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CGI Programming on the World Wide Web

CGI Programming on the World Wide Web

By Shishir Gundavaram
1st Edition March 1996

This book is out of print, but it has been made available online through the O'Reilly Open Books Project.

Previous Chapter 5
Server Side Includes

5.6 Executing External Programs

Wouldn't it be great if we could execute either a CGI or a system program and place its output in our HTML document? With the SSI command exec, we can do just that using the exec cmd directive:

Welcome <!--#echo var="REMOTE_USER"-->. Here is some information about you:
<!--#exec cmd="/usr/ucb/finger $REMOTE_USER@$REMOTE_HOST"-->

In this example, we use the UNIX finger command to retrieve some information about the user. SSI allows us to pass command-line arguments to the external programs. If you plan to use environment variables as part of an argument, you have to precede them with a dollar sign. The reason for this is that the server spawns a shell to execute the command, and that's how you would access the environment variables if you were programming in a shell. Here is what the output will look like, assuming REMOTE_USER and REMOTE_HOST are "shishir" and "", respectively:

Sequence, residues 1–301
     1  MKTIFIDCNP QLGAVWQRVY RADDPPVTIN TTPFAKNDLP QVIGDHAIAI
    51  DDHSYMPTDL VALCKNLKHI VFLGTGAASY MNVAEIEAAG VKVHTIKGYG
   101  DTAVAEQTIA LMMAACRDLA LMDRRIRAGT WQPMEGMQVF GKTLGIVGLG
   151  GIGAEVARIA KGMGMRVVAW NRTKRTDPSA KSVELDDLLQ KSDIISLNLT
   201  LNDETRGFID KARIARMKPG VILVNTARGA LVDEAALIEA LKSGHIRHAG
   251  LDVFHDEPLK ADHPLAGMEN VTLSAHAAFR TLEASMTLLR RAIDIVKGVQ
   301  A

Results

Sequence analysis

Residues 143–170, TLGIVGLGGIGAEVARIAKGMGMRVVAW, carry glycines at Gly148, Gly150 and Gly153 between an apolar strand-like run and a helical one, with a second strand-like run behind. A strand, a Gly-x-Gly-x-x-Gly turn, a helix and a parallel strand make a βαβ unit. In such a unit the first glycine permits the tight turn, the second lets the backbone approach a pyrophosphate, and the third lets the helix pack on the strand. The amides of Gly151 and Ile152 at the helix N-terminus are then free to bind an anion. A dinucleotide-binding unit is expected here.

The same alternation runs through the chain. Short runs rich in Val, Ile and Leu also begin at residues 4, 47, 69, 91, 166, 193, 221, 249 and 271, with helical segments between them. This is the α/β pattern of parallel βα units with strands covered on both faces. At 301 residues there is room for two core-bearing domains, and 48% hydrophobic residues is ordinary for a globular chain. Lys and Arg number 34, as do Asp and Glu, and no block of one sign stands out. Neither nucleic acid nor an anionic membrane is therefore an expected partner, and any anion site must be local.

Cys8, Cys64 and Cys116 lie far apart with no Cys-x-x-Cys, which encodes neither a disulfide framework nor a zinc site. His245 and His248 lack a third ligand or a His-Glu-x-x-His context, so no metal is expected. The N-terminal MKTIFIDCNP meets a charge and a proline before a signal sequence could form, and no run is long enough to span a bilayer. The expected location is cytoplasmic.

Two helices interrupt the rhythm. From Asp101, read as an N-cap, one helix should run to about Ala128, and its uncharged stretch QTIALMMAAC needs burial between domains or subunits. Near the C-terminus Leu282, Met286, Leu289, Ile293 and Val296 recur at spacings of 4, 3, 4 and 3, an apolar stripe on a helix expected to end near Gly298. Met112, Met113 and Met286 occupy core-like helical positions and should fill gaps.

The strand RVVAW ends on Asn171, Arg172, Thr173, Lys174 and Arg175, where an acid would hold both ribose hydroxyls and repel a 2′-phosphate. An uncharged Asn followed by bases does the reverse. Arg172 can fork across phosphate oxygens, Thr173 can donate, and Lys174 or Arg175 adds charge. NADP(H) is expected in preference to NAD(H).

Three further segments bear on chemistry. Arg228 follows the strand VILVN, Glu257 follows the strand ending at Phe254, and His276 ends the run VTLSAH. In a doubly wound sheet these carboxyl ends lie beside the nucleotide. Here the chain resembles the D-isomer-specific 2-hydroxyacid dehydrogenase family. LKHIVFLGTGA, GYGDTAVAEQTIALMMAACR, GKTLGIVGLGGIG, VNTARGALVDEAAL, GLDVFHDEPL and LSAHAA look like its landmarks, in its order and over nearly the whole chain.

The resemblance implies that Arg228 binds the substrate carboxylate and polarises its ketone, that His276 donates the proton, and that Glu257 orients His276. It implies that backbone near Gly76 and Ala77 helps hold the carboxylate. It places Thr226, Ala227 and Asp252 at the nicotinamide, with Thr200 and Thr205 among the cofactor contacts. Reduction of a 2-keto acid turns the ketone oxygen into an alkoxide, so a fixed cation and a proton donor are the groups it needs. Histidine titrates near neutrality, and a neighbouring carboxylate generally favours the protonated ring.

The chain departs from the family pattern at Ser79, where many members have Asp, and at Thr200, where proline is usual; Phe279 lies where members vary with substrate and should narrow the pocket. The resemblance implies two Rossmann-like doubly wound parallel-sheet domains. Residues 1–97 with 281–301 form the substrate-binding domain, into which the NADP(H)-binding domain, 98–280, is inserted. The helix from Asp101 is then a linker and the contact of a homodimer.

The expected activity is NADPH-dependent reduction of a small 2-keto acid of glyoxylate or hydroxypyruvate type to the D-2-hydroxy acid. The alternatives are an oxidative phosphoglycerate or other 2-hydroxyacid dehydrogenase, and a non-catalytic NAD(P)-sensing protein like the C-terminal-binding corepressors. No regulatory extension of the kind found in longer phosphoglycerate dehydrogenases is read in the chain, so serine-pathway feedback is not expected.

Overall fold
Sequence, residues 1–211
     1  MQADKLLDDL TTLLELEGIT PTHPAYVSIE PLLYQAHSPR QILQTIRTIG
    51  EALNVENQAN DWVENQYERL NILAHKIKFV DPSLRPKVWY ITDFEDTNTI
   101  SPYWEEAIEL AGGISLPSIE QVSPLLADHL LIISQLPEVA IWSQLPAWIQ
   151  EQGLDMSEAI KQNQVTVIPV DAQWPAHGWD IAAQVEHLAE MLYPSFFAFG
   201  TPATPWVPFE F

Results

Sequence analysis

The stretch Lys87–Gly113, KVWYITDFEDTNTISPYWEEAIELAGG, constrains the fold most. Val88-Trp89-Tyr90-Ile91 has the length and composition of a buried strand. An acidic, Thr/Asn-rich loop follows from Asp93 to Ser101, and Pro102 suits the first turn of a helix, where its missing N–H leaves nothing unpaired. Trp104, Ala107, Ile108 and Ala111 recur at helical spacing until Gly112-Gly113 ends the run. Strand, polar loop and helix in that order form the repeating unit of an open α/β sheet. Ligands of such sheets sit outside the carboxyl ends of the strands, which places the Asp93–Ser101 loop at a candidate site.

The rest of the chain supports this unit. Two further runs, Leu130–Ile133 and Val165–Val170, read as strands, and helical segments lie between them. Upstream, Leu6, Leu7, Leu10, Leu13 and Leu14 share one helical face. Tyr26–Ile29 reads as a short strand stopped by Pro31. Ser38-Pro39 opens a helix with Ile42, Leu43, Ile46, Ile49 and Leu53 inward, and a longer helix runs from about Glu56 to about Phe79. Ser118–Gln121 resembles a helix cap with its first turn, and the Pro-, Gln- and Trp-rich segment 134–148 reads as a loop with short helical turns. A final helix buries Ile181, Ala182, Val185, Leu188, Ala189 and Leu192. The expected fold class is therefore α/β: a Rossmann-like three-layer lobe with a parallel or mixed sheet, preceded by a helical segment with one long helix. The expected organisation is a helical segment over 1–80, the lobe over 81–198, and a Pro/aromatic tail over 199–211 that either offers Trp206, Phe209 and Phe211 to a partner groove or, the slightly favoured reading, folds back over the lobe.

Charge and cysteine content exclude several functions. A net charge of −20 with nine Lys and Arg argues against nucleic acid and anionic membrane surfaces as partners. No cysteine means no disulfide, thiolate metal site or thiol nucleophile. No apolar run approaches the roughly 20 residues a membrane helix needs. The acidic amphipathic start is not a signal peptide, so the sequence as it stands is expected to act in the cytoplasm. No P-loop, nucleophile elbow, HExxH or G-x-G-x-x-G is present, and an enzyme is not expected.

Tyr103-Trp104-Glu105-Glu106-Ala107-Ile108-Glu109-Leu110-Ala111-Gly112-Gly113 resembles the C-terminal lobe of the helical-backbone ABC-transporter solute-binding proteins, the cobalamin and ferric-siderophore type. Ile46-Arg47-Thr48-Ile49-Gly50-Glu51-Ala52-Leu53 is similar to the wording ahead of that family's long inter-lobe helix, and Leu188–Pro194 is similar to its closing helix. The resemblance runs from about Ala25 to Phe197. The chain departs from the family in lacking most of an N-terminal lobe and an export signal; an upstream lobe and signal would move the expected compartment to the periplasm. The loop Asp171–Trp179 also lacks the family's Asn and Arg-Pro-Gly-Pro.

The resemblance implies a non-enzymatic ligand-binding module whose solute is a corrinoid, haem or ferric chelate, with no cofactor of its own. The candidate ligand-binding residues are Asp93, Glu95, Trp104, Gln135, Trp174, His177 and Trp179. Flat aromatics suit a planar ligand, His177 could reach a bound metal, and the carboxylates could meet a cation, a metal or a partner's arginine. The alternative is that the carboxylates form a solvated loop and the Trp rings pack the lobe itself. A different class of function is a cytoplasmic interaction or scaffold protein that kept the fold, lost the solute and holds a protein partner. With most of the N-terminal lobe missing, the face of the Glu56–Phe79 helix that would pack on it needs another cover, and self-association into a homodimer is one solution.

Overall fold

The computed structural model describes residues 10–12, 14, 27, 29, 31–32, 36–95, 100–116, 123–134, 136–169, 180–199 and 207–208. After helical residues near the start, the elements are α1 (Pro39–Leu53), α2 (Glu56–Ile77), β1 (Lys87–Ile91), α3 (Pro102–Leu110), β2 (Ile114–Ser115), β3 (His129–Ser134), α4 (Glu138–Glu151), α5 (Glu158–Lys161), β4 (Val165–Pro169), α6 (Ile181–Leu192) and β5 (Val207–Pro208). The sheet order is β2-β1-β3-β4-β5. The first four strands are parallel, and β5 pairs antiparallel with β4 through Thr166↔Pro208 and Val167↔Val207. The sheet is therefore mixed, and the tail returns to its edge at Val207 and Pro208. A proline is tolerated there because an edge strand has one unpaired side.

Welcome shishir. Here is some information about you:
Login name: shishir           In real life: Shishir Gundavaram
Directory: /usr3/shishir      Shell: /usr/local/bin/tcsh
Last login Thu Jun 23 08:18 on ttyq1 from
New mail received Fri Dec 22 01:51:00 1995;
        unread since Thu Dec 21 17:38:02 1995
Come on, aren't you done with the book yet?

You should enclose the output from an external command in a <PRE>..</PRE> block, so that whitespace is preserved. Also, if there is any HTML code within the data output by the external program, the browser will interpret it!

(To use the exec directive, remember that you need to enable Exec in the Options line of the access.conf file, as described in the "Configuration" seciton earlier in this chapter.)

Having the ability to execute external programs makes things easier, but it also poses a major security risk. Say you have a "guestbook" (a CGI application that allows visitors to leave messages for everyone to see) on a server that has SSI enabled. Most such guestbooks around the Net actually allow visitors to enter HTML code as part of their comments. Now, what happens if a malicious visitor decides to do some damage by entering the following:

<--#exec cmd="/bin/rm -fr /"-->

If the guestbook CGI program was designed carefully, to strip SSI commands from the input, then there is no problem. But, if it was not, there exists the potential for a major headache!

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